A recent EEOC settlement demonstrates the GINA/COVID tightrope employers must walk when it comes to complying with the requirements of the Genetic Information Nondiscrimination Act (GINA) and doing all it can to keep COVID-19 out of the workplace.
Earlier this month, the agency entered into a conciliation agreement with a Florida medical practice that collected the COVID-19 testing results of employees’ family members. The agency determined that the practice violated GINA, which generally bans employers from acquiring genetic information about applicants, employees, and their family members.
What does GINA say?
Signed into law by President George W. Bush in 2008, GINA protects individuals from discrimination in employment on the basis of genetic information. The law covers employers with at least 15 employees as well as employment agencies, labor organizations, joint labor-management training and apprenticeship programs, and the federal government.
Included within the law’s definition of genetic information is information about family medical history. Covered employers generally cannot acquire genetic information about applicants or employees — or use such information to make employment decisions.
With respect to the acquisition of genetic information, there are exceptions. Genetic information acquired accidentally or provided voluntarily is excluded from the prohibition, as is information obtained to comply with FMLA certification requirements. So is information that is publicly available or required by law. In addition, there is an exception for employers who conduct DNA testing in the setting of a law enforcement forensic lab or for human remains identification.
GINA/COVID tightrope: What’s ‘genetic info’?
The EEOC has specifically advised that genetic information includes information about the manifestation of disease of disorder in an individual’s family members. Why? Because family medical history is used to determine whether an individual is at increased risk of getting a disease, disorder or condition, the agency explains. This means that a request for medical information about an employee’s family member is a request for genetic information under GINA.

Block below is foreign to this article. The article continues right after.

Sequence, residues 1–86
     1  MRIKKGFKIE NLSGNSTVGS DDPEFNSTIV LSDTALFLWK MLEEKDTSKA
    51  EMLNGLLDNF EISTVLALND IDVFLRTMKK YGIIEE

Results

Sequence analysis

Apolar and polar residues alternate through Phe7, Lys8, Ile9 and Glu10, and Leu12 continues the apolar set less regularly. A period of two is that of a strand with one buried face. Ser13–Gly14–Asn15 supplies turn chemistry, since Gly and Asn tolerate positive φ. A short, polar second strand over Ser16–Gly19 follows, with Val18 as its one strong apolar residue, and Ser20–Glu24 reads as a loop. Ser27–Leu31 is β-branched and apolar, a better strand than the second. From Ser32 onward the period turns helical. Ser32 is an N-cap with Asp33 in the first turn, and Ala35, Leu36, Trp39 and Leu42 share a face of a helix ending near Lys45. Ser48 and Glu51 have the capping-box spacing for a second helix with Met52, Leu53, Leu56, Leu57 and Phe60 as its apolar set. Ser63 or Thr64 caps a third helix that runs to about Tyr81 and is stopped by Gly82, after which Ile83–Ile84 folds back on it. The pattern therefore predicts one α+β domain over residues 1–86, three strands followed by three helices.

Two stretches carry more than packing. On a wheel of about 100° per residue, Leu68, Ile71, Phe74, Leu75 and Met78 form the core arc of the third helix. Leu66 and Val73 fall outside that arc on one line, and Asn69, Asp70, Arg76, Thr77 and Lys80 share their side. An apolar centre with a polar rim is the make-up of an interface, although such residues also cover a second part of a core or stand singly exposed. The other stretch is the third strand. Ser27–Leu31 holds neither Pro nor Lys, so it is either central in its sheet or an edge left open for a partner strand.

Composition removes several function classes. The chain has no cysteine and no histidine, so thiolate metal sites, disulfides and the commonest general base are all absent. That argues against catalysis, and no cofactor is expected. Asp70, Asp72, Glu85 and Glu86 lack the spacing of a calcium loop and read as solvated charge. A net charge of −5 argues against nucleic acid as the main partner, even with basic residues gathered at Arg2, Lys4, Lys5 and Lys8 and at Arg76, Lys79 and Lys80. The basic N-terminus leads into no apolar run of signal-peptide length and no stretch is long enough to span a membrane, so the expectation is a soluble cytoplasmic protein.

As compared to other laws enforced by the EEOC, GINA has mostly flown under the radar. In fact, for each fiscal year since 2011, GINA-related charges have accounted for less than 1 percent of all charges received by the agency.
But as this new agreement shows, that does not mean employers should be lax about complying with its requirements.
To resolve the agency’s finding that Brandon Dermatology violated GINA by collecting the COVID-19 testing results of the family members of employees, the medical practice will pay compensatory damages to affected employees. In addition, it will restore leave time and back pay.
The practice further agreed to post a notice, review its COVID-19 policies, and conduct COVID-19-related training on EEO laws.
Do’s and don’ts
While obviously committed to ensuring compliance with GINA’s requirements, the EEOC has also recognized the obvious interest that employers have in minimizing COVID-19 in the workplace.
To this end, the agency has issued relatively expansive guidance explaining how COVID-19 intersects with GINA and other federal EEO laws, such as the ADA and Rehabilitation Act.
In the guidance, the agency advises that employers are free to incentivize employees to encourage them or their family members to get a COVID-19 vaccine or to provide confirmation of vaccination. In fact, it says GINA does not limit the incentives that may be offered.
In addition, a request for information relating to whether a family member has been vaccinated is not a problem under GINA because it is not a request for genetic information. The fact that someone is vaccinated is not information about family medical history, the agency advises.
But a line gets crossed when employers ask whether family members have COVID-19 or symptoms associated with the disease, the agency adds. At that point, employers are violating GINA’s ban on asking medical questions about family members. And as this settlement shows, collecting information about family members’ test results also falls on the wrong side of the line.
The simple workaround for employers: It is permissible to ask employees whether they have been in contact with anyone who has COVID-19 or symptoms associated with it.